She took her first breath in a grove of towering aspen trees, under the shadow of a hummingbird’s wing. Her mother was the melody of the mountain stream and her father was the glitter of sunlight through the coin-shaped leaves.
The forest cared for her, swaddled her in wildflowers and sustained her with birdsong. When she cried, the butterflies kissed her cheeks and dried her tears. She grew strong and fast, and in only a few years she was taller than the saplings that sprouted on the day of her birth.
When the nights were cold, she slept beside the fawns, curled up against their spotted backs while their mothers sang lullabies and told stories. On warm spring evenings, she lay on beds of moss and sweet-smelling fallen leaves.
She played with the bluebirds, who taught her to sing. She raced the coyote pups along dry stream beds. On rainy days when the earth smelled of sky, she wandered down to the mountain lake and swam with the river otters.
She lived a contented life for many years in the little grove. The woods and the mountainside loved her dearly, knew the sound of her footsteps and the touch of her fingers. Even the most fearsome creatures were tame in her presence. The bears told her where to find the sweetest honey. The chorus of wolves sang her dirges in hollow harmony, hoping to see her smile. Even the mountain lion tipped his regal head in her direction as he stalked by in search of prey.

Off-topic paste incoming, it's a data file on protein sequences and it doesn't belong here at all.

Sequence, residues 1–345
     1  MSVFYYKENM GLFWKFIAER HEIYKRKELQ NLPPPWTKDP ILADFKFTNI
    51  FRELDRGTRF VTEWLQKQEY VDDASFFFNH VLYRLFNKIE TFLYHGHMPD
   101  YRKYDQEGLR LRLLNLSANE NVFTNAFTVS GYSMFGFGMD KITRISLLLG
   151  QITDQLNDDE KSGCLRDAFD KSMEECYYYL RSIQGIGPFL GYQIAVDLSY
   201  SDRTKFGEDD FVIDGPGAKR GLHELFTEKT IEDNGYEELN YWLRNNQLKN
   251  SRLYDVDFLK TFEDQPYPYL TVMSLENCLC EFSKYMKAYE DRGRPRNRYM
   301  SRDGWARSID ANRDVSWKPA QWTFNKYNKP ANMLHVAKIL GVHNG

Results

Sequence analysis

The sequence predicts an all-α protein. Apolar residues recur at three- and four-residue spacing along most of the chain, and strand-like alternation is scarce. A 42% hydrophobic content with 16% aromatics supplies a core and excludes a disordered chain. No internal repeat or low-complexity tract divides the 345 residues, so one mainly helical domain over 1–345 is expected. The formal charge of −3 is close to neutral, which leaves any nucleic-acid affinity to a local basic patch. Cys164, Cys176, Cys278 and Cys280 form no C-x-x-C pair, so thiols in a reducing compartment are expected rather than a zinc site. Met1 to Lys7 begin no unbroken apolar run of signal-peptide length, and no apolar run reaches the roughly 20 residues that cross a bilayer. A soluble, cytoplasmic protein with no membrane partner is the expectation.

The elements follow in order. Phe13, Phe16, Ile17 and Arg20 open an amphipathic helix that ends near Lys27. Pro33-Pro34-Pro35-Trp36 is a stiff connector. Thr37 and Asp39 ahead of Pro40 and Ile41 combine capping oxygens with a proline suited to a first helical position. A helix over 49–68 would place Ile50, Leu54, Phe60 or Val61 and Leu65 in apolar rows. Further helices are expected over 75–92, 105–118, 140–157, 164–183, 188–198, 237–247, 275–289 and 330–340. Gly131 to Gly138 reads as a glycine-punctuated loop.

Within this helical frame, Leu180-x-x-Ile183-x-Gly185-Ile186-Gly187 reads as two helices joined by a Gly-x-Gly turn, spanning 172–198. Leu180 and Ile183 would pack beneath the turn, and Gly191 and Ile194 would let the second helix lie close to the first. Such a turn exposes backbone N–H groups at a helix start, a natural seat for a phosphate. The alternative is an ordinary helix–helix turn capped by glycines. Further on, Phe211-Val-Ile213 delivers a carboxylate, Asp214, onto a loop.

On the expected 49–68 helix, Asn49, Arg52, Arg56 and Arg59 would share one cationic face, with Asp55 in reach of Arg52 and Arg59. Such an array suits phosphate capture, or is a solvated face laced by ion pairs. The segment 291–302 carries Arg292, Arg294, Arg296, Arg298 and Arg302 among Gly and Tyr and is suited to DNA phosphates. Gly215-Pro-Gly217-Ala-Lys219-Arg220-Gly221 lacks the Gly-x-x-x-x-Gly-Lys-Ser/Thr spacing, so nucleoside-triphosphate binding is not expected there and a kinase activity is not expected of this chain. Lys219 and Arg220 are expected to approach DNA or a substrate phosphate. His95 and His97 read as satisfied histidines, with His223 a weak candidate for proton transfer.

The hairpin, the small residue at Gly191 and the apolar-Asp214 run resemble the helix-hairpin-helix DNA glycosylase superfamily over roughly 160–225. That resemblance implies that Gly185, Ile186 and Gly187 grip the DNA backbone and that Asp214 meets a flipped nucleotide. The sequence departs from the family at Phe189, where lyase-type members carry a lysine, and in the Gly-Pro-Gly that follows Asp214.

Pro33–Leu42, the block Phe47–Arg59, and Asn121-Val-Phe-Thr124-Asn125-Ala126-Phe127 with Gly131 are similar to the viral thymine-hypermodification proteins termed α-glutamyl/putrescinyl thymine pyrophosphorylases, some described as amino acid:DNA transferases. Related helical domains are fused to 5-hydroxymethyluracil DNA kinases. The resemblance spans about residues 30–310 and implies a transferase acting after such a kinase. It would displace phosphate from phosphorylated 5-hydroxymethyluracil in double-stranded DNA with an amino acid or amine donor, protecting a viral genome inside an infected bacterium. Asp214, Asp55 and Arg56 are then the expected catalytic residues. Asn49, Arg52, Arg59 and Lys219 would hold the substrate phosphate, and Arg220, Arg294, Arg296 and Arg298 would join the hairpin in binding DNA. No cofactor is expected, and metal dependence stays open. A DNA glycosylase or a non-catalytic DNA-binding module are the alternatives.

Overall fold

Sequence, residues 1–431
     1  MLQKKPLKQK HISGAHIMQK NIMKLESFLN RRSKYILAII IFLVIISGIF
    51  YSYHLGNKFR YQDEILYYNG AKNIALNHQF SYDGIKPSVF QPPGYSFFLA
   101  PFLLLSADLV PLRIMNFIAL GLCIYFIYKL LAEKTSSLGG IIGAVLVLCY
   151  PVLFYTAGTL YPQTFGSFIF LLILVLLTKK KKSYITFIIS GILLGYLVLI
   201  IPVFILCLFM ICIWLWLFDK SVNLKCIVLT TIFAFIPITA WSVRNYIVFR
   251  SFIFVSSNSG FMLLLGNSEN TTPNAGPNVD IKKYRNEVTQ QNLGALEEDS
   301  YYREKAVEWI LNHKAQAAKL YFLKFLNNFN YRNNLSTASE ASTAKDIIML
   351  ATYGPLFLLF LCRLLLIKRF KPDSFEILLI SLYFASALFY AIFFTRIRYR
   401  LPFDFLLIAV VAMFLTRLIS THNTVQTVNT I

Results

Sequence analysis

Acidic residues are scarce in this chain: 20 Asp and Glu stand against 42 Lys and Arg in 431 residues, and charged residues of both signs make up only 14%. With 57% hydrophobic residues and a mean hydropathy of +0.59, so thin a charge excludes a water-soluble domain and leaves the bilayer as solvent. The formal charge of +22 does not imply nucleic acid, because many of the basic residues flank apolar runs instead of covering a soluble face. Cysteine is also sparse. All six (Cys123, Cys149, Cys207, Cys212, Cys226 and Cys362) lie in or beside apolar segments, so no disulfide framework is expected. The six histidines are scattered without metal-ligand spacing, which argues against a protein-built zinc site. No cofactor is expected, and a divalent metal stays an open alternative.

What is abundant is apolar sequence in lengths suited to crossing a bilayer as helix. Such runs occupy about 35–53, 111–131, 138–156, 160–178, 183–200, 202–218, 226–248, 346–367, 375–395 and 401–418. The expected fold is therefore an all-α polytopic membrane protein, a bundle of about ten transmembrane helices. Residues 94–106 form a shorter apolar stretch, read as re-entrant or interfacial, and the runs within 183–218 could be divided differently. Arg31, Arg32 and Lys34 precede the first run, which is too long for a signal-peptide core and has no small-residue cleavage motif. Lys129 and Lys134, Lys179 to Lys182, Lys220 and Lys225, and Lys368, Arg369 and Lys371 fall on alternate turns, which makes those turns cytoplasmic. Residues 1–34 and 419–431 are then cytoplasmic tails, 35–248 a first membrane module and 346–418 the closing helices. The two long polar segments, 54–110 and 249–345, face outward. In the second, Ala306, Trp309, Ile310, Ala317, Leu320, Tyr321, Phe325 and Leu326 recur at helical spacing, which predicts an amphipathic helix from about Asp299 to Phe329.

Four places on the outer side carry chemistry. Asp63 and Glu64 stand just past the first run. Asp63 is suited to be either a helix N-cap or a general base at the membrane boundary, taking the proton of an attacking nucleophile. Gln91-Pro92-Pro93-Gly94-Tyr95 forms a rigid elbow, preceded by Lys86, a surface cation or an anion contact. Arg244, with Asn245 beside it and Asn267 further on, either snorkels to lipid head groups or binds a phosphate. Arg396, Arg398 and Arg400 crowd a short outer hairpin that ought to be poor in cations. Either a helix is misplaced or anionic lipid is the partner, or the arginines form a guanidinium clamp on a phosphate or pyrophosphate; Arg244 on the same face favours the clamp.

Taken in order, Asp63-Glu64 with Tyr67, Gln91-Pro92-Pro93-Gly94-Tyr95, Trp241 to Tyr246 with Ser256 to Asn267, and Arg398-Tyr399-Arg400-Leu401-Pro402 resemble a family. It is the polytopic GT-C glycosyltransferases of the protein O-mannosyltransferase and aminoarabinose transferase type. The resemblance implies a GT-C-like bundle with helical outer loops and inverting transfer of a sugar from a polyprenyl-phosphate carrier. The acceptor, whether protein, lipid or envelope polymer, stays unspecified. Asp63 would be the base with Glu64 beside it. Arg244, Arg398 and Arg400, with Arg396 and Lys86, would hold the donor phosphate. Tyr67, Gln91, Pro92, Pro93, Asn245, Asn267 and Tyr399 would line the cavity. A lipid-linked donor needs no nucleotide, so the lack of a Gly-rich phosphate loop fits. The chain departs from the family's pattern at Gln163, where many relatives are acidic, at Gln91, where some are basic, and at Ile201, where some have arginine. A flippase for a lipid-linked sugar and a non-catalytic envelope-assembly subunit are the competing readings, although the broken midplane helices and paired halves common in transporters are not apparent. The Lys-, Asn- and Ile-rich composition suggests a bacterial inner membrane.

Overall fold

She was the forest’s very heart.
One day, she awoke to strange sounds in the woods. Voices, clumsy and ill-defined, not lofty like birdsong or steady like a doe’s murmur. She climbed to the top of an old pine tree, who straightened with joy at her touch.
A man and his son rambled through the woods, snapping limbs from sapling trees and trampling larkspur underfoot. The man was tall and thin, and the boy stood about the girl’s height, with a smile cool as a riverbed stone.
She watched all day from a distance as they cleared a space in the aspen grove to make camp, gathered wood, made a fire, pulled fish from the lake with a stick and a string and roasted them over the flames.
When night fell, the forest held a hushed conference about the strangers. The nervous squirrels chittered, the bucks stamped their hooves, and the owls quieted everyone down to warn them: no one was to go near these trespassers, especially not the girl.
The next morning, the girl licked dewdrops from the wild mint leaves and wandered the woods, avoiding the spot where the man and his son lay sleeping. She hummed to herself as she walked, and did not notice the boy, who had risen at the sound of her song and followed it.
“What’s your name?” he asked as he approached, and the forest grew deathly still.
The girl did not have a name. She did not know what names were. There was no use for such things in the forest, for the creatures knew one another too intimately for names.
“Your name?” he asked again, slowly.
He frowned. “I’m Liam.”
“Liam,” she replied, letting the word fall from her tongue like overripe berries from a vine.
He nodded and stepped towards her, hand outstretched. In his palm rested a hand-carved wooden rabbit, one of the most beautiful and strange things she’d ever seen. Hesitantly, knowing that the disapproving trees were watching, she snatched the rabbit from him and dashed away, vanishing into the woods.
The man and his son stayed in the grove one more day. Neither caught a glimpse of the girl in that time, and the man was quite convinced that his son had dreamed her.
But Liam knew the truth, and so did the forest.
After the trespassers left, the girl clung tightly to the wooden rabbit and whispered her wishes in its ears. The creatures in the forest told her to forget the boy, begged her to join their games. For weeks, she could not bring herself to do either.